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Property Tax Funding Blog

Payment of Texas Property Taxes and Past Due Options

Posted by Matt Longhofer on Thu, Oct 07, 2010 @ 16:10 PM

Property Tax Payment

In most Texas counties, 2010 property tax bills have now been issued.  If you’ve not already received your tax bill, you’ll likely see it sometime in October.  The first date of delinquency is February 1st, so if you do not have your tax bill by January 1st, you should contact your tax assessor to determine the amount owed.

For property owners that escrow taxes with their mortgage payment, the mortgage company will manage the disbursement.  Once payment is accepted, you should receive a receipt from the tax assessor.  The receipt is important to retain, as many homeowners deduct property taxes for federal income tax purposes.

For property owners that do not escrow property taxes, you are responsible for making the property tax payment.  Below we cover the deadline for payment, costs of delinquency, and options available for a property tax loan. 

When Is the Deadline for Property Tax Payment?

In most cases, the deadline for paying your property taxes is January 31st. Taxes that remain unpaid on February 1st are considered delinquent with penalty and interest charges added to the original amount.

Taxes are due in one lump sum.  Some tax collection offices provide payment options, such as: 

  • Payment by credit card, typically with additional fees of 3% to 5%. 
  • Deferment or installment plans for taxes on homestead properties for disabled property owners or property owners over 65 years of age. 
  • Discounts for early payment. 
  • Partial payment of your taxes, though penalty and interest will still apply to the outstanding balance.

What If my Property Taxes are Past Due?

The longer you allow your delinquent property taxes to go unpaid, the more expensive and risky it becomes for you. 

  • Penalty and interest charges will be added to your taxes.
    Penalty charges and interest charges will be added to your tax balance.  Private attorneys hired by taxing units to collect delinquent accounts can charge an additional penalty to cover their fees.  The following table details the potential penalties, interest, and attorney charges imposed on a delinquent property tax account.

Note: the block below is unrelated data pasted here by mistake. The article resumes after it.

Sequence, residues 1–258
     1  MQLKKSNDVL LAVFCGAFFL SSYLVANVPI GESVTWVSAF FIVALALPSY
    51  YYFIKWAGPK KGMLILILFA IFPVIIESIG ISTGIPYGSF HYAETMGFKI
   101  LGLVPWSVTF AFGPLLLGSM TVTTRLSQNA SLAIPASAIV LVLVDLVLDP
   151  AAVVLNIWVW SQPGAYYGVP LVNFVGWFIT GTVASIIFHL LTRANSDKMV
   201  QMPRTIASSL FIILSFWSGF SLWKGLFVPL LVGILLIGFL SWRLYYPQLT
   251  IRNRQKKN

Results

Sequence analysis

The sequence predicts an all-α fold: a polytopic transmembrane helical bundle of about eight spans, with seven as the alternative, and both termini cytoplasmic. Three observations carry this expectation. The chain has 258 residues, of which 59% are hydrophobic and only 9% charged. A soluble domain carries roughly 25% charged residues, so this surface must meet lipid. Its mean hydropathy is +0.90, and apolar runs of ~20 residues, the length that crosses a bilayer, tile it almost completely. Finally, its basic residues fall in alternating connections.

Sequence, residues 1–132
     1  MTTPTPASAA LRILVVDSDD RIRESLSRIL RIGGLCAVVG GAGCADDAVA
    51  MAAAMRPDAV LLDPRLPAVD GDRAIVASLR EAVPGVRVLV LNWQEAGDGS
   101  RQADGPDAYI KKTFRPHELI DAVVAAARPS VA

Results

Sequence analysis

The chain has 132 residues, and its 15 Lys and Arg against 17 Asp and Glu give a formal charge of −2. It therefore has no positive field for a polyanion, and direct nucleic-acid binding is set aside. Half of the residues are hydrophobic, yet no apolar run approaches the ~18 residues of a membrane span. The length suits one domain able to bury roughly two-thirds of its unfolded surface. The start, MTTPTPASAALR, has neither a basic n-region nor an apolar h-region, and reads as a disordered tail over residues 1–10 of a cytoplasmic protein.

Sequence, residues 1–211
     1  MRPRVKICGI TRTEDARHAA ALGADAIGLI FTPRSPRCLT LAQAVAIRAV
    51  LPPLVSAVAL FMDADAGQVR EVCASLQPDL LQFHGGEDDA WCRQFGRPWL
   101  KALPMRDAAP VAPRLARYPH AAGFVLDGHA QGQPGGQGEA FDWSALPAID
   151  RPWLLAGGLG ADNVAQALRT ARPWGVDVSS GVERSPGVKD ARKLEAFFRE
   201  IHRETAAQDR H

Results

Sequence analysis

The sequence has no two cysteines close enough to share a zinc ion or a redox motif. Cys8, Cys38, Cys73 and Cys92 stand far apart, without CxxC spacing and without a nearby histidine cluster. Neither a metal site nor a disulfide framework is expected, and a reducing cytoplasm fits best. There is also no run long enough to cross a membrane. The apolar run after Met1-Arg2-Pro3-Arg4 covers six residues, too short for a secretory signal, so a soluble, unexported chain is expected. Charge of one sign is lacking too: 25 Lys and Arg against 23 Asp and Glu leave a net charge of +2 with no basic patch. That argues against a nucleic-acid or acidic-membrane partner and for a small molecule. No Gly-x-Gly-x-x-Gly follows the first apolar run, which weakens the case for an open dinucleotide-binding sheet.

property tax loans

Accounts not paid in full by June 30th of the year in which they become delinquent are normally referred to the delinquent tax attorneys for collection and incur an additional penalty equal to 15% to 20% of the total taxes, penalties and interest due. 

  • You will receive delinquent tax notices.
    The tax collector will send you at least one notice that your taxes are delinquent. They often send multiple notices and warnings. 
  • You may have the option to set up an installment plan.
    Some tax collectors will allow you to pay delinquent taxes in installments for up to 36 months. They are not required to offer this option.  Penalty and interest will still apply to the outstanding balance. 
  • You may be sued.
    The tax collector can take a delinquent taxpayer to court. All court costs will be added to the delinquent tax bill.
  • Your property may be foreclosed upon.  You could lose your property! 
    Each taxing unit holds a tax lien on each item of taxable property. A tax lien automatically attaches to property on January 1 each year to secure payment of all taxes. This tax lien gives the courts the power to foreclose on the lien and seize the property. The property then will be auctioned and the proceeds used to pay the taxes.  

Are there other options available to pay property taxes?

Yes, specialized lenders exist who focus solely on property tax lending.  These lenders provide an alternative to the lump sum payment of your property taxes.  A property tax loan will immediately stop the added penalties, interest, attorney fees, and pending lawsuits for the county.  Most lenders offer flexible loan terms with extended repayment schedules.  Loans are generally available for almost any type of real estate as long as the borrower is not in bankruptcy and the property is reasonably maintained. This includes residential, commercial, investment properties, and vacant land. 

Fortunately, qualifications are easy and credit score is not typically a factor in the loan approval process.  To learn more about property tax loan options, contact a company specializing in property tax loans

Topics: payment of property taxes, past due property tax

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